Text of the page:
3ie’s Replication Paper Series offers a defined space for and open access to replication studies of development impact evaluations.

These studies are published regardless of whether the findings support or question the results of the original paper. By providing a reputable publication outlet, we are encouraging researchers to undertake the replication of research in general and to contribute to the public good of improved impact evaluation research practices.

The latest publications in 3ie's Replication Paper Series can be found here. To learn more about the submission process, click here.

3ie is committed to encouraging open and constructive dialogue between replication researchers and original authors. To support this goal, we have created the 3ie replication programme notification and communication policy. We would like to thank everyone who helped strengthen this policy through their comments and suggestions. It is a living document that we update as appropriate.

For more information, read Quality evidence for policymaking: I’ll believe it when I see the replication, 3ie Replication Paper 1

Treatment as prevention: a replication study on early antiretroviral therapy initiation and HIV-1 transmission

Replication paper 3ie 2020
Eric Djimeu and Eleanor G Dickens conduct a replication of the HPTN 052 study by Cohen and colleagues that evaluates the impact of early initiation of antiretroviral therapy on rates of sexual transmission of HIV-1.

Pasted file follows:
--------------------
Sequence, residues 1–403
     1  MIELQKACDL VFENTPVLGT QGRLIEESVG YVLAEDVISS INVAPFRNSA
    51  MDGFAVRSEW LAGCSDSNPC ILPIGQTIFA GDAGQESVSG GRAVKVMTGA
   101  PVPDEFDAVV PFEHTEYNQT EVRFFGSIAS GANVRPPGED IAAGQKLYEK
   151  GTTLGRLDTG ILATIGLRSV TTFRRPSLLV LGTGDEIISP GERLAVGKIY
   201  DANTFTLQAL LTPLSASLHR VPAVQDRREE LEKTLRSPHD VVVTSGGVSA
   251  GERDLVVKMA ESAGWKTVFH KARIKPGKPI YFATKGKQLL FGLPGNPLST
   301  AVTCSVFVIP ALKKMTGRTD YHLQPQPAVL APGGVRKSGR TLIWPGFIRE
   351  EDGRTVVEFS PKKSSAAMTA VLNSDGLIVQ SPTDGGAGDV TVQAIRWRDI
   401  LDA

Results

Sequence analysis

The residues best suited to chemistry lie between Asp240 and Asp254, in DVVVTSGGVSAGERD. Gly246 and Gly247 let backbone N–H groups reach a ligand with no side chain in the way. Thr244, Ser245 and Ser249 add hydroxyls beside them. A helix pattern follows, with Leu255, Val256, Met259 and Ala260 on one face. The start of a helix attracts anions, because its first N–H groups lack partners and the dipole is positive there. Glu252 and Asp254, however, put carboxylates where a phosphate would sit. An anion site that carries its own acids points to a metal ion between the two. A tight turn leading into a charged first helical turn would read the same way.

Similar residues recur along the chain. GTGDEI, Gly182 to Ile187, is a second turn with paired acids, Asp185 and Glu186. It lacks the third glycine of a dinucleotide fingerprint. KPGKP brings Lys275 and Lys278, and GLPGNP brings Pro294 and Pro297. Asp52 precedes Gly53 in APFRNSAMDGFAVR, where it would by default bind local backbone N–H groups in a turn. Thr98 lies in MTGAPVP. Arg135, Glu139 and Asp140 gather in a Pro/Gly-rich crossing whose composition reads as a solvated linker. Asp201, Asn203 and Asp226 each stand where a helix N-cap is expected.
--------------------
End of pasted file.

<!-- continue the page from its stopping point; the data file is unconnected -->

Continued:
Biometric Smartcards and payment disbursement: a replication study of a state capacity-building experiment in India

Replication paper 3ie 2019
The National Rural Employment Guarantee Scheme and Social Security Pension are two of the largest employment programmes in Andhra Pradesh. Muralidharan and colleagues (2016) investigated the impacts of biometrically-authenticated payment infrastructure (Smartcards) on beneficiaries of the two employment programmes.

Risk sharing and transaction costs: a replication study of evidence from Kenya’s mobile money revolution

Replication paper 3ie 2019
This replication study starts with the twin strategies of push-button and pure replications of the original study. It then followed this up with various consistency and robustness checks, such as propensity score matching and the Tobit model specification.

Cash and change: a replication study of a cash transfer experiment in Malawi

Replication paper 3ie 2019
Maira Reimão conducted a replication of a 2011 study, Cash or condition? Evidence from a cash transfer experiment, by Baird and colleagues, which is one of the few studies that empirically compares the impact of unconditional cash transfers to that of conditional cash transfers.

Impact of unconditional cash transfers: a replication study of the short-term effects in Kenya

Replication paper 3ie 2019

Wang and colleagues replicate the results of a randomized evaluation carried out by Haushofer and Shapiro in 2016.

Mobile money and its impact on improving living conditions in Niger: a replication study

Replication paper 3ie

Edmundo Beteta and colleagues replicate the results of a randomized evaluation carried out by Aker and colleagues in 2016 in Niger.